But the law’s requirements targeting minors created complications and delays for some of Planned Parenthood’s adult patients.
The clinics’ staff now must ask abortion patients to prove their age if they are young enough to look under 18. That can be especially difficult for young women who don’t have a driver’s license or ready access to their birth certificate, Frizzell said.
The law can also be a challenge for a minors and parents from other countries. The minor must be able to prove the person claiming to be their parent is their biological parent under the new law. A refugee family may not have that kind of documentation, Frizzell said.
Vidunas and Frizzell are also concerned about the logistical obstacles pregnant minors face if they need to use the judicial bypass. If they don’t have easy access to transportation or are in school, it can be difficult to meet with an attorney and appear again at a court hearing.
Still, Frizzell hasn’t heard that the new law has stopped a minor from having an abortion.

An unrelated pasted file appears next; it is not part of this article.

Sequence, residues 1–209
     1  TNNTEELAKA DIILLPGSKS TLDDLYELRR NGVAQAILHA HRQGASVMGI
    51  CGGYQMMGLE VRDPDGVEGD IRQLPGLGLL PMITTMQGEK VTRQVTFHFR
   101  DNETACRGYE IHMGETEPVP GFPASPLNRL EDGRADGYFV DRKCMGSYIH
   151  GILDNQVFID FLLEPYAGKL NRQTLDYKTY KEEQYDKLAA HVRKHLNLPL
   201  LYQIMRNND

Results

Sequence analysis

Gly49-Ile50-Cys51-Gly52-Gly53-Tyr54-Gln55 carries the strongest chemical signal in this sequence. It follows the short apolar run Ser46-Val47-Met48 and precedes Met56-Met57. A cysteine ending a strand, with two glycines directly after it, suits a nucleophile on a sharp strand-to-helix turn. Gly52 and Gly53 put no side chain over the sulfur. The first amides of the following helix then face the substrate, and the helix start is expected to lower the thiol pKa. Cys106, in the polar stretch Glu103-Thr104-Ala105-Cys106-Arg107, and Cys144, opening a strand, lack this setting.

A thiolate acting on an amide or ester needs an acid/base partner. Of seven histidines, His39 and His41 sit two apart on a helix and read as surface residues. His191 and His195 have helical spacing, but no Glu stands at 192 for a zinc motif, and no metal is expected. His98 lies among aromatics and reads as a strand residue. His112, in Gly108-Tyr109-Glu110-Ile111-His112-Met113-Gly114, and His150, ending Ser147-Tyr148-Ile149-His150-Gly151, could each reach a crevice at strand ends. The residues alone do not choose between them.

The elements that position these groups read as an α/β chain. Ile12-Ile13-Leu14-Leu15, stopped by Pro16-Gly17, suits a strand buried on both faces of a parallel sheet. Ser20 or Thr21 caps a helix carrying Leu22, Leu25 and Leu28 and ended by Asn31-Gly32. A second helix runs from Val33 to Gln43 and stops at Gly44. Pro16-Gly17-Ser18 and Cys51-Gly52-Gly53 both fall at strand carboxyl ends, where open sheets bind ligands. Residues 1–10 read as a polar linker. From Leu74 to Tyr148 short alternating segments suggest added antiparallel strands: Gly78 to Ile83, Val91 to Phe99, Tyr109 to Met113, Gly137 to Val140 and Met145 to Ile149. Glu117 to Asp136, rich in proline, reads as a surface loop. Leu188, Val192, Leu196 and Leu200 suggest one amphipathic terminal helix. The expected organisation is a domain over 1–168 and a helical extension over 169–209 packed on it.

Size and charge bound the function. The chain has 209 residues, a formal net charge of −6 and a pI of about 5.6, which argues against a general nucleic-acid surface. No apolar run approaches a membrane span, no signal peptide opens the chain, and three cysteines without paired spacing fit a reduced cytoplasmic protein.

“I have interviewed our counselors and providers about the first year, and I think universally they have seen no evidence that the existence of the new law has led young women to change their mind or alter their decision about ending a pregnancy,” she said.
Frizzell and Vidunas would like to see the law repealed, or in Vidunas’s case, amended to allow girls 16 and older to have an abortion without notifying a parent. “The age of consent (to have sex) in New Hampshire is 16,” Vidunas said.
That’s not expected to happen this year. No lawmaker has filed a bill seeking a repeal. Vidunas and Frizzell said they recognize that the Legislature’s focus this year is writing a budget. Plus, Frizzell said, she’d like to have the results of Planned Parenthood’s planned study before recommending any law changes.
Should a repeal bill emerge this year, it likely won’t have the support of Democratic Gov. Maggie Hassan. Next year, however, it likely would.
“Governor Hassan is focused first and foremost on developing a fiscally responsible balanced budget and implementing her innovation plan to help businesses create jobs,” said her spokesman Marc Goldberg in an email Friday. “But she continues to oppose the law passed by the previous Legislature over Gov. Lynch’s veto because she believes it is wrong to force victims of incest to go back to their abusers before making their own health care choices and supports its repeal.”
(Annmarie Timmins can be reached at 369-3323, email@example.com or on Twitter @annmarietimmins.)